The key to developing an electric vehicle battery that can charge as quickly as it takes to fill a car with gasoline lies within its materials.
High-nickel, layered-oxide cathode materials have potential to make EV batteries charge faster, go farther and last longer. Now a team of researchers led by Idaho National Laboratory has learned that cathodes made of a nickel-rich material called NMC811 (80% nickel, 10% manganese, 10% cobalt) retain longer life and better performance. Although it is not a distinct new chemistry, NMC811 could offer a path to better performance. Understanding its properties will be the key.
The world is at a tipping point with electric vehicles. In 2022, 5.8% of the new cars Americans bought were electric, up from 3.2% in 2021, and total EV sales topped 800,000 for the first time. But one challenge nagging the industry is developing a battery that can charge repeatedly in a span of 10 to 15 minutes. Extreme fast charging puts significant stress on every component of a battery, and differences in chemistry, materials and electrode engineering could have big effects on performance.
A lithium-ion battery provides power by moving ions through its electrolytes from the cathode to the anode. While researchers are starting to better understand lithium plating on anodes, they understand less about extreme fast charging's effect on cathodes. Now, INL researchers led by Tanvir Tanim have published an article in the June 2022 issue of Advanced Energy Materials, "A Comprehensive Understanding of the Aging Effects of Extreme Fast Charging on High Ni NMC Cathode." The piece explains that as the battery industry shifts toward higher-nickel-content cathodes, we will need a complete understanding of how materials might degrade during extreme fast charging.
The team's study details NMC811's aging behavior under different fast charging conditions, the most extreme being equivalent to more than 200,000 miles of driving. The paper compares NMC811's performance to NMC532 (50% nickel, 30% manganese, 20% cobalt), the more predominant material in batteries when the research started more than five years ago.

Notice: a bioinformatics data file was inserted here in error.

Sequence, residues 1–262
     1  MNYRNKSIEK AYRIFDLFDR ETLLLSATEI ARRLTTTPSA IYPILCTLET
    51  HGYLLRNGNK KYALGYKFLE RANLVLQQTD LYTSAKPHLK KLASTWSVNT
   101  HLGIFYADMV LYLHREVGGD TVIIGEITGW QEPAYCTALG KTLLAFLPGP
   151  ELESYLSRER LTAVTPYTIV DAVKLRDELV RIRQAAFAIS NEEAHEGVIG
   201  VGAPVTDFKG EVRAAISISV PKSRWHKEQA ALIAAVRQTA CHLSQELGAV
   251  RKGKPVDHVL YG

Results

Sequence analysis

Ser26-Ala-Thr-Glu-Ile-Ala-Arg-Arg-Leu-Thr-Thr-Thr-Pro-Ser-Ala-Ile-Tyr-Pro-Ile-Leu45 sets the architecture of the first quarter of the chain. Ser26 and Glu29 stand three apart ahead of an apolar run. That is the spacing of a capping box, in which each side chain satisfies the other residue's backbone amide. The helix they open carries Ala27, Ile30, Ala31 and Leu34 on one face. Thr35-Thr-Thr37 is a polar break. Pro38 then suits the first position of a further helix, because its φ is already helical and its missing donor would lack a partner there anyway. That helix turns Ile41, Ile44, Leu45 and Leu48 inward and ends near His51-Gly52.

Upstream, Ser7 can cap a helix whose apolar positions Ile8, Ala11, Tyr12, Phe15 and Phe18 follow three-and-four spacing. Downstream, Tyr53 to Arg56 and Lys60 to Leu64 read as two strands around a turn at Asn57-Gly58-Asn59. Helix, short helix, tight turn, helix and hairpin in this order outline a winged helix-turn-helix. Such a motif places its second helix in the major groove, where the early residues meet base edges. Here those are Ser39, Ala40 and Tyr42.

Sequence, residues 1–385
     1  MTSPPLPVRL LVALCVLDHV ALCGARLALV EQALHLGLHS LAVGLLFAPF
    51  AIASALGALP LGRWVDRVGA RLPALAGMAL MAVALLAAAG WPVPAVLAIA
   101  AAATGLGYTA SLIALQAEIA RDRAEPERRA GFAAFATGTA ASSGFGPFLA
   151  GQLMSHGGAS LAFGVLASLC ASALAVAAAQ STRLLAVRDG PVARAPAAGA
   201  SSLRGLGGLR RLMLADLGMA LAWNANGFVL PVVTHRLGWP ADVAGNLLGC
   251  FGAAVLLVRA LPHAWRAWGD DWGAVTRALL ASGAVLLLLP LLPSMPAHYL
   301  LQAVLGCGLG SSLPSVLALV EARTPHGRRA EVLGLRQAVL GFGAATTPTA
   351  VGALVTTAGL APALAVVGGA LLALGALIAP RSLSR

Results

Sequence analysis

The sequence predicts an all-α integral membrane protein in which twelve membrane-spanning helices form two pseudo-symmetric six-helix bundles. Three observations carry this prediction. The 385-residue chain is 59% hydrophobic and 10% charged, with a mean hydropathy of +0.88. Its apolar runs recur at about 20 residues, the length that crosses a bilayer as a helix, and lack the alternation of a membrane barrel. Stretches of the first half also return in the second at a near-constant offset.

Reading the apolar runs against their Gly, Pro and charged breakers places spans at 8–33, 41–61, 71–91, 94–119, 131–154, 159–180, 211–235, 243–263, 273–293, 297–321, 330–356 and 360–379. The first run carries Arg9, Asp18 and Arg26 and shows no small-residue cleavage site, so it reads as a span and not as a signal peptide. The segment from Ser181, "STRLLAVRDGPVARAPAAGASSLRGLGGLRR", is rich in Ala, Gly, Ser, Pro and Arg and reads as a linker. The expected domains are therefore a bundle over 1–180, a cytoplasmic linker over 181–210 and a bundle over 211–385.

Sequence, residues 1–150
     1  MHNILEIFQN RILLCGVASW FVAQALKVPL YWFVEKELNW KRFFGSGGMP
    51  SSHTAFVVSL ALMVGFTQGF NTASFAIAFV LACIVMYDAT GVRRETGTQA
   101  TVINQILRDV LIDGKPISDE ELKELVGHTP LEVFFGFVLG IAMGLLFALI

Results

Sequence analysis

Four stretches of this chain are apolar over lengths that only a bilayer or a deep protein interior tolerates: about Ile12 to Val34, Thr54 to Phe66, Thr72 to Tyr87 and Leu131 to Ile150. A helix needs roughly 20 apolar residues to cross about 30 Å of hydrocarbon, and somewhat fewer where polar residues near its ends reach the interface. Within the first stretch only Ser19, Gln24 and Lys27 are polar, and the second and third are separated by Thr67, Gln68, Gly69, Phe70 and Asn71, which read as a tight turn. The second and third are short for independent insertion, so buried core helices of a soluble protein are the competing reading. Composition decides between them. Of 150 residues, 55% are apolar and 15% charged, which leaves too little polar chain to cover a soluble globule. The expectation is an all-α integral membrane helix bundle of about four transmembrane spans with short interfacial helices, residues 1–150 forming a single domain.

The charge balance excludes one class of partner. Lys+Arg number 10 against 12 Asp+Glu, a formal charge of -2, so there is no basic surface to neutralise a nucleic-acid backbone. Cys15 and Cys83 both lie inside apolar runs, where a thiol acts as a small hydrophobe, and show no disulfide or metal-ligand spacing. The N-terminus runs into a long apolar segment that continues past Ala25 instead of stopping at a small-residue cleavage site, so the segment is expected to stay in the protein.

Comparing the two cathode materials, Tanim said they were surprised that even though NMC811 showed greater subsurface degradation, it showed superior cycle life performance over NMC532. He partially attributed this to the molecules in NMC811 being arranged in a way that creates freer lithium-ion pathways. NMC811 also has higher electrical and ionic conductivity than NMC532, enhancing the amount of charge a battery can hold with repeated use.
Additionally, NMC811 showed slower impedance growth. Impedance is a measure of internal resistance and is important because high resistance causes a battery to heat up, lowering voltage and diminishing cell capacity to the point where it becomes unusable. A battery with low impedance delivers high current on demand.
Overall, NMC811 showed higher specific energy—the electrical energy that can be obtained from a cell in one discharge cycle divided by the mass of the individual cell—and better electrical conductivity than lower nickel-content varieties. Because cobalt is limited in quantity and expensive, the lower cobalt content of NMC811 also points to lower cost.
Research done at national laboratories goes to the U.S. Department of Energy, which shares it with the scientific community, battery developers and the automotive industry. "Some automotive manufacturers have already started using NMC811 on cathodes, making the research particularly relevant," Tanim said.
Tanim indicated that the complex influence of grain orientation and architecture on single-particle performance will be the focus of future work. In all, however, the research team concluded that cathodes made of NMC811 could be a better bet for EV batteries that can charge in 10 to 15 minutes. "NMC811 will provide more flexibility for optimizing a battery for both high-energy and power," the paper said.